Summary: The Hebrew word translated "strife" or "contention" occurs some 15 times in Proverbs & describes the kind of person who is apt to cause an argument or a conflict, one who is predisposed to quarreling or dispute. Let's look at 3 aspects of contentions so w



[James 3: 1-16]

The Hebrew word translated "strife" or "contention" occurs some fifteen times in the book of Proverbs and describes the kind of person who is apt to cause an argument or a conflict, one who is predisposed to quarreling or dispute. In short, it describes a person who is disagreeable, who has not learned to disagree without being disagreeable.

The nature of strife is set forth with a vivid simile in Proverbs 17:14 where we read, "The beginning of strife is like letting out water..." Strife, then, is similar to a tiny hole in a dam releasing only a small trickle of water that gets bigger and bigger. The nature of contention is to move from "trickles to torrents!" There's a Talmudic proverb that says, "strife is like the aperture of a leak; as the aperture widens so the stream of water increases." A person, then, who continues to create little disruptions here and there, will someday be the source of an eruption of major proportions. [Three things can be said of a trickle that becomes a torrent: It lets out more water than is possible to predict, it lets out more water than is possible to control, and it lets out more water than is ever possible to retrieve.]

What then, should we do when a quarrel arises? The second half of Proverbs 17:14 gives a terse answer, " ... abandon the quarrel before it breaks out." And if the quarrel is abandoned, what will happen to it? Where there are no combatants, contention will die its own well-deserved death.

Let's look then at three aspects of contentions so well be capable of spotting it and putting it out. [The word for quarrelsome (môn) is used more often in Proverbs than in any other Old Testament book. It is also translated "dissension" (6:14, 19; 10:12; 15:18; 28:25; 29:22), "disputes" (18:18-19), "quarrel(s)" (17:14; 22:10; 26:20), and "strife" (23:29). Walvoord, John & Zuck, Roy; The Bible Knowledge Commentary. Wheaton, IL: Victor Books, 1983. S. 946.]


Of the fifteen references to strife and contention, five of them deal with the same subject--the contentious woman. The first is Proverbs 21:9 which observes, "It is better to live in a corner of a roof, than in a house shared with a contentious woman." The woman described as having a disposition of strife and not simply a mood, which is temporary.

Whenever Proverbs labels a person, such as a man of deceit, a fool, a sluggard, etc., it is because this is his most common characteristic. So, the contentious woman is one for whom strife and quarrels are a normal part of the day. She sleeps well knowing she has caused or stirred up strife. It certainly does not mean she must remain this way, but it does give a fair assessment of her at the present time. Yet the hope exists that she would take these proverbs seriously, and thus find healing for herself.

Since the context of the verse is "the home," it is obvious that the quarrels which she precipitates are private, not public. Indeed, she may get along quite nicely with her neighbors and friends, but "behind closed doors" a different tale is told. Furthermore, the quarrels may not just be with her husband, for he prefer a cot in the attic. It should also be noted that quarrelsomeness carries its own built in penalty. The husband's preference is to live apart from her where he is exposed to the elements of the weather, and the result is her loss of his companionship. We do not seek the company and fellowship of quarrelsome people.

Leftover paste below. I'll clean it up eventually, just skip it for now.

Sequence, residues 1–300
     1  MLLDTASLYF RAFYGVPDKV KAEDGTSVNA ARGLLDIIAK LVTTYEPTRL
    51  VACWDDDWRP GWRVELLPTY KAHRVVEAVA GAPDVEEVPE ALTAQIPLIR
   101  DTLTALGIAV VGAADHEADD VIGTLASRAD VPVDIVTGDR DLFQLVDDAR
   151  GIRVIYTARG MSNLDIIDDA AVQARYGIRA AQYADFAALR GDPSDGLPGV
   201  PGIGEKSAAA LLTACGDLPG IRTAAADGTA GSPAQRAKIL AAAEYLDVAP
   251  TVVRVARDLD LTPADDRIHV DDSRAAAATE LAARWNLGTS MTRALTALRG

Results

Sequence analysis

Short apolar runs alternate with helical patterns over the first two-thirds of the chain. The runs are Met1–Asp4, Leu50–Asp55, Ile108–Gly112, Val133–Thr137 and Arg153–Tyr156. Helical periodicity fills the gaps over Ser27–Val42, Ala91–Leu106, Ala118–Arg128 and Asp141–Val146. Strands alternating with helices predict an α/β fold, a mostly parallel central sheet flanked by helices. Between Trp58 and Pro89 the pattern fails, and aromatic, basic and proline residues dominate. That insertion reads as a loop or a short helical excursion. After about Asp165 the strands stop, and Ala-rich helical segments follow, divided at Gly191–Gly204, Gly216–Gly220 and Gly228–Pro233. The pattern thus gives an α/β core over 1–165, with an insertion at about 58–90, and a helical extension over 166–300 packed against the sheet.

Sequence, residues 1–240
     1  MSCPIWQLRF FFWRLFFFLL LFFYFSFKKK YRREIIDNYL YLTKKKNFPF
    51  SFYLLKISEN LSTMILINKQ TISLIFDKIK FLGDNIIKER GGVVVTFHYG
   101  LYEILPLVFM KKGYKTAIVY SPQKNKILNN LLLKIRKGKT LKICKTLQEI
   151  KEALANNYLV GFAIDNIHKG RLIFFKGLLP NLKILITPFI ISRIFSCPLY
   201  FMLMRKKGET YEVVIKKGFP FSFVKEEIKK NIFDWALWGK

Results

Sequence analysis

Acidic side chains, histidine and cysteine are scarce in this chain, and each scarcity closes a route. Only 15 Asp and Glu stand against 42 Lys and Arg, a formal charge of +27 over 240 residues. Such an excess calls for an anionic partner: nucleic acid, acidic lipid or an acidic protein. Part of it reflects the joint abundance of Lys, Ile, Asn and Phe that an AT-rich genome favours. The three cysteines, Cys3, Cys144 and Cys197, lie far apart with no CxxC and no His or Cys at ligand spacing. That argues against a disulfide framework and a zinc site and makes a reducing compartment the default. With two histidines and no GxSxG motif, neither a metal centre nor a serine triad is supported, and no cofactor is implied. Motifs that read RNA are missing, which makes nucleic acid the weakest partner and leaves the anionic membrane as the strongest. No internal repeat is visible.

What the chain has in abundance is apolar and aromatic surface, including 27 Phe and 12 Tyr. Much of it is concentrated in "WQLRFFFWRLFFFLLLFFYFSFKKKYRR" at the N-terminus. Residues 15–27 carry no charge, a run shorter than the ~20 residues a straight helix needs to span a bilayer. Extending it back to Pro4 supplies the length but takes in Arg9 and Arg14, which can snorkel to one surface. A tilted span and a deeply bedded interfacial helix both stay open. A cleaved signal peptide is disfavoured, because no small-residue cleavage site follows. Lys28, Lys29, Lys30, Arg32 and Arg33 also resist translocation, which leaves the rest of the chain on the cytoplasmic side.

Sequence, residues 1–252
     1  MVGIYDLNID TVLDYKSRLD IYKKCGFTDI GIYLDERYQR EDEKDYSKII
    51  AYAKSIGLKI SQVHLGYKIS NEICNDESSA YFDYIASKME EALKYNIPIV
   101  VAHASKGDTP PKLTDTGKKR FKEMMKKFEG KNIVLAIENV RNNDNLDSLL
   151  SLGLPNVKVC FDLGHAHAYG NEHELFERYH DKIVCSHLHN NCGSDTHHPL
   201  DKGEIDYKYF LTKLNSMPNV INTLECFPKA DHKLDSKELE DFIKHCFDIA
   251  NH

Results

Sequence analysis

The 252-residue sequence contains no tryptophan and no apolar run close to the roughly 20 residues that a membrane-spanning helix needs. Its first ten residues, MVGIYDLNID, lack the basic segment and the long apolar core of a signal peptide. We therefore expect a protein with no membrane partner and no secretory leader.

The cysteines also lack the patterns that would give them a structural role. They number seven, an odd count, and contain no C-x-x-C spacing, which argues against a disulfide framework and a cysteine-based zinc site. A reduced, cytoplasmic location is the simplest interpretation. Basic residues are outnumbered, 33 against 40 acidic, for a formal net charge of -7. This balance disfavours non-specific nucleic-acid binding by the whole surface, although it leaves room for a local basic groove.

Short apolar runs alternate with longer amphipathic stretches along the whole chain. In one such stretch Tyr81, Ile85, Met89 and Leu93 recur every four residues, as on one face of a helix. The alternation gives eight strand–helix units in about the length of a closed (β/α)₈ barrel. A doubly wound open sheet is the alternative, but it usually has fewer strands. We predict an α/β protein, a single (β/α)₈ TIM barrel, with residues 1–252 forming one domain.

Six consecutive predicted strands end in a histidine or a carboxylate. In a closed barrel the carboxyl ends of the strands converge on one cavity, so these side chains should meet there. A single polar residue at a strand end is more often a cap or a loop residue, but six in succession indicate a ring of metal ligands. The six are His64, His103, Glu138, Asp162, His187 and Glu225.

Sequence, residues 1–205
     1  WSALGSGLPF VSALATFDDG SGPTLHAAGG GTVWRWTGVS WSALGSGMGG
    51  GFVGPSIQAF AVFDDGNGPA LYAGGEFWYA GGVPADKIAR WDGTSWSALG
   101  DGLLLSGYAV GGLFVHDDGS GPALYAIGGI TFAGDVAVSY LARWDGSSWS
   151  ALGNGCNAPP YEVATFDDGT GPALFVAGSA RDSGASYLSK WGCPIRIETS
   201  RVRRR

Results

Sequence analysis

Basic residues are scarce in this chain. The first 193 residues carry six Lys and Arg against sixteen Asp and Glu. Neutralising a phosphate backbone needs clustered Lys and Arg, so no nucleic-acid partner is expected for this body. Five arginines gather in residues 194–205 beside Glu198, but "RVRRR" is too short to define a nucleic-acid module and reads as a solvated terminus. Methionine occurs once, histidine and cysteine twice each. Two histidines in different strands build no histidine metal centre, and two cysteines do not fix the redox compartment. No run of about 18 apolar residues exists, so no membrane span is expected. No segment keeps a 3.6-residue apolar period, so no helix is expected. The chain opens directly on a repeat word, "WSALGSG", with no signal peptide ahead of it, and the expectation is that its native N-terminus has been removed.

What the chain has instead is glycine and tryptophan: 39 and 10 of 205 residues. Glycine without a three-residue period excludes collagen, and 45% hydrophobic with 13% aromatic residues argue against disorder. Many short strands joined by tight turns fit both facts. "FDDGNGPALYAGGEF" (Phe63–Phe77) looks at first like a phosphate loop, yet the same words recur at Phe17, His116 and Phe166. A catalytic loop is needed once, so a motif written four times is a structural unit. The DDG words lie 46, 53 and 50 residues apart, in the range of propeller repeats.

We pick up the same theme again in Proverbs 19:13. "A foolish son is destruction to his father and the contentions of a wife are a constant dripping." This poor man has double trouble--a bad son and a bad wife. The word "destruction" is plural, showing his life is filled with repeated unpleasantries. The foolish son delivers many painful blows to his father.

Moffett translated contentions "naggings." An old Arabic proverbs says, "Three things make a house intolerable: Tak (rain leaks), nak (a wife's nagging), and bak (bugs)." Constant dripping indicates her irritating quarreling continues relentlessly (27:16). Proverbs 21:19, 25:24 and 27:15 all reiterate the pain of living with a contentious wife.


1st Slander May Accompany Contention

Proverbs 16:28 teaches us that a contentious person sows discord even among friends. "A perverse man spreads strife, and a slanderer separates intimate friends."

The words "perverse man" are literally, "a man of upside down." This means that he upsets things, he is never straight. In English, we speak of a person who twists things. The verb translated spreads is very colorful. It is used in Judges 15:4 to described the actions of Sampson when he caught three hundred foxes and released them into the grain fields of the Philistines. The raging fire "spread" by the foxes is a vivid picture of the strife spread by a twisted or upsetting man.

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